CAPE TOWN, South Africa -- Six years and one day since South Africa's popular national soccer team captain was fatally shot at his celebrity girlfriend's house, five men accused of being part of a plot to assassinate him appeared in a courtroom Tuesday only for the case to be beset by confusion and doubt.
The five suspects claimed they were not involved in the killing of Senzo Meyiwa, and some of them accused police of lying about when they were arrested and the circumstances of their arrests. All of them refused to stand in the area of the courtroom where suspects are formally indicted. Wearing masks because of the coronavirus and with their arms folded and heads bowed, they were charged with murder, attempted murder, robbery and firearm offenses.
Some of the men said they were arrested months ago. Others said they were already in jail for unrelated crimes. It cast doubt on an announcement by police on Monday — the sixth anniversary of Meyiwa's killing — that they had arrested the five that morning in operations in two provinces.
“I'm shocked,” Meyiwa's brother, Sifiso Meyiwa, said after the dramatic hearing at Boksburg Magistrate's Court near Johannesburg. He uttered those exact same words a day earlier when private investigators he enlisted to help solve his brother's killing announced the soccer player was shot in an “assassination” and not, as previously believed, in a house robbery.
The judge said there would be a second court hearing next month, while police maintained they had a strong case against the five suspects, including ballistic evidence that tied at least one of them to the murder weapon. The gun had recently been recovered, police said.
The killing in 2014 of the national team goalkeeper angered South Africans, although they are generally inured to violent crime in a country where more than 50 people are murdered a day, according to official crime statistics. At the time, police said Meyiwa, a big star in his country, was killed in an armed robbery, a tragedy but a relatively common one in South Africa.
Meyiwa's death was mourned by many global soccer figures, including Sepp Blatter, the president of world body FIFA at the time.
South Africa's anger intensified as years passed and police failed to solve the case, and numerous apparent missteps by them were highly publicized. A man arrested for Meyiwa's killing in the days after was released due to a lack of evidence. The investigating team was changed amid allegations of incompetence. Unconfirmed media reports said the gun used in the shooting was ultimately found in a locker at a police station.
One man in a crowd that gathered outside the courthouse Tuesday to demand justice for Meyiwa encapsulated the overriding feeling: “The justice system is failing,” he said. “If it has failed Senzo for six years, then what about me? Who am I?”
Some in that crowd wore the black and white shirts of Meyiwa’s club, Orlando Pirates, and others the uniforms of rival South African soccer teams, indicating a sense of unity among people still angry at the police failures. They mentioned Meyiwa’s father, Sam, who had pleaded regularly and for years that his son’s killers be found. Sam Meyiwa died last year without seeing justice for his son.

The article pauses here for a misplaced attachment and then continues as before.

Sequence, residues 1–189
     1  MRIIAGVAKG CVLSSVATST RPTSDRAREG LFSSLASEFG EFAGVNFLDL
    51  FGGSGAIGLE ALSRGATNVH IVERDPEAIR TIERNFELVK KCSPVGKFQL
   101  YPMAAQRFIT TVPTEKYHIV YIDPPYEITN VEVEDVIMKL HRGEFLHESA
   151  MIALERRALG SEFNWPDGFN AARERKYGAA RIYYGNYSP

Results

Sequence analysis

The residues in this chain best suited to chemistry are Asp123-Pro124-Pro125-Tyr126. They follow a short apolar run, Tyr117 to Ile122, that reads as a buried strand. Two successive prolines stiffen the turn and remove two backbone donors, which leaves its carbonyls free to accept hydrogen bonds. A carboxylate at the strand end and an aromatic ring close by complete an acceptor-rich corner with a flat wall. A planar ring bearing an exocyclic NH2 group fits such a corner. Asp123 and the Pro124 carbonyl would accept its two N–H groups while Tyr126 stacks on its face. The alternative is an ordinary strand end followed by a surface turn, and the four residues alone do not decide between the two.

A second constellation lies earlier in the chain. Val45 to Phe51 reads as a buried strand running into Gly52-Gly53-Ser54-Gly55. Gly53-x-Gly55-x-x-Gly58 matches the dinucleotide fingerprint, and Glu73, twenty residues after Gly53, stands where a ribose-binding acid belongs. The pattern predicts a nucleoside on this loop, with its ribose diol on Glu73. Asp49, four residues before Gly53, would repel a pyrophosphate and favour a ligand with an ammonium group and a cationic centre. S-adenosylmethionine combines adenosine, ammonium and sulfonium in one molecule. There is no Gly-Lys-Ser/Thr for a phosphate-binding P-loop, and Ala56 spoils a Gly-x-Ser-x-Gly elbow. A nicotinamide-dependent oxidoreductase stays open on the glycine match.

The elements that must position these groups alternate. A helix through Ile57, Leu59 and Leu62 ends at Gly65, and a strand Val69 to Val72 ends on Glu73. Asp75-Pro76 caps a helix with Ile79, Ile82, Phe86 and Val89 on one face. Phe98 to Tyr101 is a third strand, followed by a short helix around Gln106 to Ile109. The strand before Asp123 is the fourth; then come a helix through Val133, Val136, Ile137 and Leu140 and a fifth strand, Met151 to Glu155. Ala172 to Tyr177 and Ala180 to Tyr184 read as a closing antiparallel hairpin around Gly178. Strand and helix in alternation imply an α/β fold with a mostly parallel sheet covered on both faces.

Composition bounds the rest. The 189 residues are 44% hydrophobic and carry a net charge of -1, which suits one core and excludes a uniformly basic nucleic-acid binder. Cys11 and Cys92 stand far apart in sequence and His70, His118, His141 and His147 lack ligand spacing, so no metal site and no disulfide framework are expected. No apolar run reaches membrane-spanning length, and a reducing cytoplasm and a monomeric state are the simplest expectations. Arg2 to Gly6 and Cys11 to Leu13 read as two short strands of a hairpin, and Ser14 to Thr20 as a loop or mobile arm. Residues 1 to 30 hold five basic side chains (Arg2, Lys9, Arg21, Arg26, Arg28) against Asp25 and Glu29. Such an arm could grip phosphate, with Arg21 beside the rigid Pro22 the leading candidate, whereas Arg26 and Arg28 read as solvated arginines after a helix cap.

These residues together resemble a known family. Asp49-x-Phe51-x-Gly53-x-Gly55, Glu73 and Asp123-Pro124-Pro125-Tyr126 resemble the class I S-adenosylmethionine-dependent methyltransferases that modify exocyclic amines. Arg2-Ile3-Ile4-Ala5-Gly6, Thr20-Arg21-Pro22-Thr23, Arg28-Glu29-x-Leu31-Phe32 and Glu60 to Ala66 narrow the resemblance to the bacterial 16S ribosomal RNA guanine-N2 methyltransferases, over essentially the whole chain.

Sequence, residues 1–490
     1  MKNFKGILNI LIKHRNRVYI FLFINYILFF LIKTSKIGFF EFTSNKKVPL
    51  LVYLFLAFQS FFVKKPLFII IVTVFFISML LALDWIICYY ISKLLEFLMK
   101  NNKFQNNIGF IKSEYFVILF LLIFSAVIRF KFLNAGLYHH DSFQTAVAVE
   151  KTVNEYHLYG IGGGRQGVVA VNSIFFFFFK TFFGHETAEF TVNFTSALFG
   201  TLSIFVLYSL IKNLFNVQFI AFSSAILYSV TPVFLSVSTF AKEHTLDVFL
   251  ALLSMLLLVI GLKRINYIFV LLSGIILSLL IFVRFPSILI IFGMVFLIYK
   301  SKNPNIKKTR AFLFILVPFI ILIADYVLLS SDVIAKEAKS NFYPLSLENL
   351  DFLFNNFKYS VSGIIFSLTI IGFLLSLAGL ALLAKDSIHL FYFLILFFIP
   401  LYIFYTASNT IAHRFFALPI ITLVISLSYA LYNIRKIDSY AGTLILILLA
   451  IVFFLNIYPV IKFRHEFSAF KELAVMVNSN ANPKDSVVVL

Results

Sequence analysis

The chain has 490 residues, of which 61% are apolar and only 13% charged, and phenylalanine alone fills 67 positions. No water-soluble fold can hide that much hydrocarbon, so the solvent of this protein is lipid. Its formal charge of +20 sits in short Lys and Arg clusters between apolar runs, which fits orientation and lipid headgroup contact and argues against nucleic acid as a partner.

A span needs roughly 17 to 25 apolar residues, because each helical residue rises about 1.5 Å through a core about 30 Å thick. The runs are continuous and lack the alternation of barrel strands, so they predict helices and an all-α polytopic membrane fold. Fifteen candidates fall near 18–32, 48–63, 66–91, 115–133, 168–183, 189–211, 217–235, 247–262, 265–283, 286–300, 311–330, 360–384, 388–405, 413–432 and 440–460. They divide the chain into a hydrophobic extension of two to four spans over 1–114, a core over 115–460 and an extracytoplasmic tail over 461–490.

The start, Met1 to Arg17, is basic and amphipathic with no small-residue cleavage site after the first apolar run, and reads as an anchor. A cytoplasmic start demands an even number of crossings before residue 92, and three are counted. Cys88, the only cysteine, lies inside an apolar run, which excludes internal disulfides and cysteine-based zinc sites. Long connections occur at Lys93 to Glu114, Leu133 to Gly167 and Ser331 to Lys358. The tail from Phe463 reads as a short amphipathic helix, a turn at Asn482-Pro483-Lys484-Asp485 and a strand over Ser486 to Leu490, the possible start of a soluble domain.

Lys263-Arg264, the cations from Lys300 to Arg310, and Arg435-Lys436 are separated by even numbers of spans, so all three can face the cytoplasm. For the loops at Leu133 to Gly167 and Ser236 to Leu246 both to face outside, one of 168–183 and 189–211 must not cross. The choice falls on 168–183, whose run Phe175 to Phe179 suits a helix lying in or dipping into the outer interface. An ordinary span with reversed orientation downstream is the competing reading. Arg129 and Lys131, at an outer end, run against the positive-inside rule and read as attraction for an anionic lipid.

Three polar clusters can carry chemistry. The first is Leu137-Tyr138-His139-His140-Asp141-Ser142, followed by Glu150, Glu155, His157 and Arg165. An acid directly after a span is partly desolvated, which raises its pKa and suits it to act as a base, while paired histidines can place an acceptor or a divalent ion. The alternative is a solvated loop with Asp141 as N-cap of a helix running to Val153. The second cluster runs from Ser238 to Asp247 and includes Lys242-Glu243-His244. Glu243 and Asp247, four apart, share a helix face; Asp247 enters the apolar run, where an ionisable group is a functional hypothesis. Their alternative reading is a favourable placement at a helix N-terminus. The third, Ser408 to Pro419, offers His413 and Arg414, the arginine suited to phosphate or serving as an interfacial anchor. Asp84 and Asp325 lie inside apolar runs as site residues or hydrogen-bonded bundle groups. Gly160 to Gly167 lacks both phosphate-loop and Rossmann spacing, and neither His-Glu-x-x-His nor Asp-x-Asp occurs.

The case appeared to be slipping away from police, who established a “cold case team” in 2018. Frustrated, Meyiwa's family also enlisted the help of the team of private investigators led by Gerrie Nel, the former state prosecutor known for his bullish questioning in the globally-televised Oscar Pistorius murder trial.
Police minister Bheki Cele announced the “major breakthrough” in the Meyiwa case and the arrests on Monday but declined to disclose details of the investigation. But Nel, appearing at a separate news conference, said police had shared case files with him and that the police and Nel's investigating team now believed Meyiwa wasn't shot in a robbery. It was an “assassination,” Nel said, and the “mastermind” of the crime had not been arrested.
"We agree that having gone through the evidence that this is a hit and we’ve also indicated our full cooperation in exposing the mastermind and ensuring that the mastermind is also prosecuted,” Nel said.
Neither police nor Nel offered a motive for the killing.
There was yet another twist Tuesday after the court hearing for the five suspects, which police minister Cele said were only the “first” suspects. A document released by prosecutors showed police wanted to obtain the cellphone records of Meyiwa's girlfriend at the time, a famous South African singer, and think she had been in contact with one of the suspects. She may have borrowed money to pay the “hitmen,” the document said.
Prosecutors said it was an internal document mistakenly released to the media but admitted it was genuine.